#:                       TYPE NAME                    SIZE       IDENTIFIER
   0:      GUID_partition_scheme                        *1.0 TB     disk2
   1:                  Apple_HFS                         1.0 TB     disk2s1

pearce at Deans-MacBook-Pro in ~/Projects
$ diskutil unmountDisk force disk2
Forced unmount of all volumes on disk2 was successful

pearce at Deans-MacBook-Pro in ~/Projects
$ sudo dd if=/dev/zero of=/dev/disk2 bs=1024 count=1024
1024+0 records in
1024+0 records out
1048576 bytes transferred in 0.491402 secs (2133846 bytes/sec)

pearce at Deans-MacBook-Pro in ~/Projects
$ diskutil partitionDisk disk2 GPT JHFS+ "My Passport" 0g
Started partitioning on disk2
Unmounting disk
Creating the partition map
Waiting for partitions to activate
Formatting disk2s2 as Mac OS Extended (Journaled) with name My Passport
Initialized /dev/rdisk2s2 as a 931 GB case-insensitive HFS Plus volume with 
a 81920k journal
Mounting disk
Finished partitioning on disk2
/dev/disk2 (external, physical):
   #:                       TYPE NAME                    SIZE       IDENTIFIER
   0:      GUID_partition_scheme                        *1.0 TB     disk2
   1:                        EFI EFI                     209.7 MB   disk2s1
   2:                  Apple_HFS My Passport             999.8 GB   disk2s2

Building DBD::Oracle on MacOS

As you may know, DBD::Oracle is one of the most challenging DB drivers to build and install. I recently switched to MacOS Sierra and found myself needing to install DBD::Oracle within my Perlbrew installed local Perl. I opted to use the latest Instant Client from Oracle (12.1) and the latest stable DBD::Oracle build (1.74) for my system.

Install Oracle Instant Client 12.1 Packages

The easiest way to get DBD::Oracle built is against the Instant Client. Download the following 3 packages (or the corresponding 3 for the Client version you desire) to your system, and extract them to a folder on your system. I opted to keep my install local within my /Users directory, but you can opt to install it to /Library/Oracle as well. Simply extract all 3 zips to the same path in your system.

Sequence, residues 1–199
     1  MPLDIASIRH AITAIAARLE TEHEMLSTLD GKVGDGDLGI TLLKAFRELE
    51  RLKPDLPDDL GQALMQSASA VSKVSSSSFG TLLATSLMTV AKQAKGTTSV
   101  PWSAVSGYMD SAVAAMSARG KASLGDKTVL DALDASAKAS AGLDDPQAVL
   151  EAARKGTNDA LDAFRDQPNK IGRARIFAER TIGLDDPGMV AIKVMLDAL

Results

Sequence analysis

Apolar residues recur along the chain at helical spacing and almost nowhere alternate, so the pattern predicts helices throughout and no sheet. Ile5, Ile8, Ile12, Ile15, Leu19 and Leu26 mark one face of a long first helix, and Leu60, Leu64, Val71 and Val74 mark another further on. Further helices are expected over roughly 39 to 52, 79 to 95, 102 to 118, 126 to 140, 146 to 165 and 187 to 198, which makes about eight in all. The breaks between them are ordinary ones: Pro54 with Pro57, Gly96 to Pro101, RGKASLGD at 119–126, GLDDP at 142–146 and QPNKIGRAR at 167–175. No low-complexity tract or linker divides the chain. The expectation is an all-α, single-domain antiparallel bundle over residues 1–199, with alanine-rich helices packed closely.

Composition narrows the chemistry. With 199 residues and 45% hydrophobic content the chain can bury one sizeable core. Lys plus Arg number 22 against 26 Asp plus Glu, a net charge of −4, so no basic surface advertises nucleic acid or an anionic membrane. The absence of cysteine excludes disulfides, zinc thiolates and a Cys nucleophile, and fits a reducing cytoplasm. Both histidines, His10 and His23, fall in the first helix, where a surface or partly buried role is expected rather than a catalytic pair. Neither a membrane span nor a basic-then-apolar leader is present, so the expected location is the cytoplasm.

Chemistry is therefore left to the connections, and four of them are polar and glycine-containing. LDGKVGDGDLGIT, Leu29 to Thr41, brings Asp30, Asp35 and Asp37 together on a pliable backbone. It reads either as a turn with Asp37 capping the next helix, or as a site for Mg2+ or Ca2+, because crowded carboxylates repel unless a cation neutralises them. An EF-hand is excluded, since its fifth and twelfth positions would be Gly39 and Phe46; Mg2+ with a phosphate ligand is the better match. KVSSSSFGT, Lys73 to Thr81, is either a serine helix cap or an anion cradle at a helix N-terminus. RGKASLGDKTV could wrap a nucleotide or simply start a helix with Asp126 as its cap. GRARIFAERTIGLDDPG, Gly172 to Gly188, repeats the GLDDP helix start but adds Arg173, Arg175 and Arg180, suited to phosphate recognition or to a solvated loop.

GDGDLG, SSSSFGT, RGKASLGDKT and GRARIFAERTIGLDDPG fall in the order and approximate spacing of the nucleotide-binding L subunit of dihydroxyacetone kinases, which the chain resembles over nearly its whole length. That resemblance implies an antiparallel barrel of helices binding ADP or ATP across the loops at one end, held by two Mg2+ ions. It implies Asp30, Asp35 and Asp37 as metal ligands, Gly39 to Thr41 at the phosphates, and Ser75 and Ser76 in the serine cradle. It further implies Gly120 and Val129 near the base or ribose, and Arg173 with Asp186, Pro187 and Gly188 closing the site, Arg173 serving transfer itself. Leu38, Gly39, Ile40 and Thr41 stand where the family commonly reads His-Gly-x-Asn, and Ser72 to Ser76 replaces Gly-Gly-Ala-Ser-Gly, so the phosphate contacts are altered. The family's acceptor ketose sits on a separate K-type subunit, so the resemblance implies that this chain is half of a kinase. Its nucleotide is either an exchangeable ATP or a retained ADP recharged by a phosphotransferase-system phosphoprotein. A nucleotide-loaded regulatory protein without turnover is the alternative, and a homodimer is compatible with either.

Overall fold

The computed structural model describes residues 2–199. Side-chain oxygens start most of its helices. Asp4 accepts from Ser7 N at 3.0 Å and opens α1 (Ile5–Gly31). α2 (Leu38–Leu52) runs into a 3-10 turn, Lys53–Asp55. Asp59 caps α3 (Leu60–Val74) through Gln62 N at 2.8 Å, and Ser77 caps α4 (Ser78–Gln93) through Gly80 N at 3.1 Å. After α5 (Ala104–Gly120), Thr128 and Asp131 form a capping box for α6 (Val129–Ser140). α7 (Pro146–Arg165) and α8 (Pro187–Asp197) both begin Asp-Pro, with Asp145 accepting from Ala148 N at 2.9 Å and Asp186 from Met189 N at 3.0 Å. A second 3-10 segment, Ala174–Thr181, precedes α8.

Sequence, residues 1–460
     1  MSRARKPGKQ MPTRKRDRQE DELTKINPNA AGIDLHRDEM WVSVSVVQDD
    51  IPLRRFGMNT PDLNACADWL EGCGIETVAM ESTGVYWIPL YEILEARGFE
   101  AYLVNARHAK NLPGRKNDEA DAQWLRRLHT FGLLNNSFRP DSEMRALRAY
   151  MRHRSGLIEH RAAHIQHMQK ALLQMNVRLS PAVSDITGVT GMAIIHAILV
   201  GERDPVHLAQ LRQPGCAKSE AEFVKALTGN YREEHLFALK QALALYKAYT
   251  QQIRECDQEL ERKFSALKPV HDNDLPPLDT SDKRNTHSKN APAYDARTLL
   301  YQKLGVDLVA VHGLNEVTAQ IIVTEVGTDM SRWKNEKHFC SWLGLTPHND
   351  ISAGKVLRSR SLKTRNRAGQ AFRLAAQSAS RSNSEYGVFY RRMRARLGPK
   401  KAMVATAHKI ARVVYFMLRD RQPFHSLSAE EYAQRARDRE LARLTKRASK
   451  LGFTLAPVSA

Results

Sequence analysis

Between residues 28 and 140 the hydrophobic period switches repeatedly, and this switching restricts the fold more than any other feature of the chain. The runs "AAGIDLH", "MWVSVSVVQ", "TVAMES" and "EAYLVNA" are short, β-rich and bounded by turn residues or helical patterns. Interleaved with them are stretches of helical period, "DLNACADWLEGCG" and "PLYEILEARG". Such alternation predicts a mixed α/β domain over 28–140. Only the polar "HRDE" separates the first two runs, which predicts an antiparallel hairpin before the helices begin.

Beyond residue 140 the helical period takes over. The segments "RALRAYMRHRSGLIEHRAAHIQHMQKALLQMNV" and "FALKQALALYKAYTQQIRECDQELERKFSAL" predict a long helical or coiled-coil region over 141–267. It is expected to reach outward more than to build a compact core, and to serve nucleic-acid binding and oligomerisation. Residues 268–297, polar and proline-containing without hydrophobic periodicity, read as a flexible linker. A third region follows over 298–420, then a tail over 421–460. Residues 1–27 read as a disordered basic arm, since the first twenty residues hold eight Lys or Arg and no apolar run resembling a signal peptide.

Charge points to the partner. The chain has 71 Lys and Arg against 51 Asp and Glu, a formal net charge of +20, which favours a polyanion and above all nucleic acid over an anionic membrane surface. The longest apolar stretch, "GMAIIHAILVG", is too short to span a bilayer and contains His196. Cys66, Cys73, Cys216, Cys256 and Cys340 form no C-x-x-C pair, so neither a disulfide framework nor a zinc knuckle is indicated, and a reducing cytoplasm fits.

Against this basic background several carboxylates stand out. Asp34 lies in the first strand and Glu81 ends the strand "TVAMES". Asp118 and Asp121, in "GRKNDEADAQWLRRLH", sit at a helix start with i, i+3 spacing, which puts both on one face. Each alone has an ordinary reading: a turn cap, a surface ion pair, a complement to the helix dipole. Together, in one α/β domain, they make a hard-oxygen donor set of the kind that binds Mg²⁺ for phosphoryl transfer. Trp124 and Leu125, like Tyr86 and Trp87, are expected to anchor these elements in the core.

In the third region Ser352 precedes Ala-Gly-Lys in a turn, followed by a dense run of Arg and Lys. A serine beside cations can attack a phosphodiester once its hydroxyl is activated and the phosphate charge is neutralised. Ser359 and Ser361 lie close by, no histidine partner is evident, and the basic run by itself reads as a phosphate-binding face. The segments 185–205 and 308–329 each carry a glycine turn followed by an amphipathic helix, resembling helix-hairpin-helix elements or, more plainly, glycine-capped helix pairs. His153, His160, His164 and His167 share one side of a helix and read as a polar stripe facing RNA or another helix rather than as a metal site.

Build DBD::Oracle 1.74 Module

On MacOS Sierra I had to prepare the following steps to ensure a successful build. You may need to adjust the steps based on the location of your Instant Client. The primary issue is the fact that MacOS Sierra does not like the dynamic path linking using @rpath. A fix is to just set your full path into the binary.

# setup the Oracle Instant Client environment
export ORACLE_HOME=/Library/Oracle/instantclient_12_1

# download and unpack DBD::Oracle
cd /tmp
tar -xzf DBD-Oracle-1.74.tar.gz
cd ./DBD-Oracle-1.74/

# build the module against 12.1
perl Makefile.PL

# fix for problem with dynamic linking on MacOS Sierra
install_name_tool -change @rpath/libclntsh.dylib.12.1 \
    /Library/Oracle/instant_client_12_1/libclntsh.dylib.12.1 \

# complete the install
make install

Post-Install Tips

After installing, you may want to do a few things to make your experience easier.

  1. Add permanent paths to your .bash_profile
    • export ORACLE_HOME=/Library/Oracle/instantclient_12_1
    • export PATH=$ORACLE_HOME:$PATH
  2. Add a tnsnames.ora for easier configuration
    • cd $ORACLE_HOME
    • mkdir -p network/ADMIN && cd network/ADMIN
    • touch tnsnames.ora